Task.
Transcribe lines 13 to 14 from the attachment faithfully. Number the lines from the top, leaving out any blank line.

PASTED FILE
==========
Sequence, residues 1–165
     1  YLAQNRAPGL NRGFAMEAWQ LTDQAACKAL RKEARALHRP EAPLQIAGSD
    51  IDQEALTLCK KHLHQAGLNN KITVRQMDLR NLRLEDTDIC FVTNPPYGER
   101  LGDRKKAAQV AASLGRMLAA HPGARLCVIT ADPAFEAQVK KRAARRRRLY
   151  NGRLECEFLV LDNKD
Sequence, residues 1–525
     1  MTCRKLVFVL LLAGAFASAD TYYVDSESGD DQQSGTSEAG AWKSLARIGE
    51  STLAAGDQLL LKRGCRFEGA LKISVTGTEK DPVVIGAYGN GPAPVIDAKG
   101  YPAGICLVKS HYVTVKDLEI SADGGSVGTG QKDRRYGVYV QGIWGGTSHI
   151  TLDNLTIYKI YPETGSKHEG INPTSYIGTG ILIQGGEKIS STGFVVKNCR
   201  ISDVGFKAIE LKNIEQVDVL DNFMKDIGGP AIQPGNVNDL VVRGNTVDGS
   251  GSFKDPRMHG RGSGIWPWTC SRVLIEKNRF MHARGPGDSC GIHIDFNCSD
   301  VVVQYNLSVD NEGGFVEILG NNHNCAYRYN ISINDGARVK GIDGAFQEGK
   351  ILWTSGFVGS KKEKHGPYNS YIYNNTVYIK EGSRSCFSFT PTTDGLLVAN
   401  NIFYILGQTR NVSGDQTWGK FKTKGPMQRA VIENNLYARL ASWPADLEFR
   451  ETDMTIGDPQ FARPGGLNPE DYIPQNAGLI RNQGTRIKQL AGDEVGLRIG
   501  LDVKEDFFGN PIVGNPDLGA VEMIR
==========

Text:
   301  VVVQYNLSVD NEGGFVEILG NNHNCAYRYN ISINDGARVK GIDGAFQEGK
   351  ILWTSGFVGS KKEKHGPYNS YIYNNTVYIK EGSRSCFSFT PTTDGLLVAN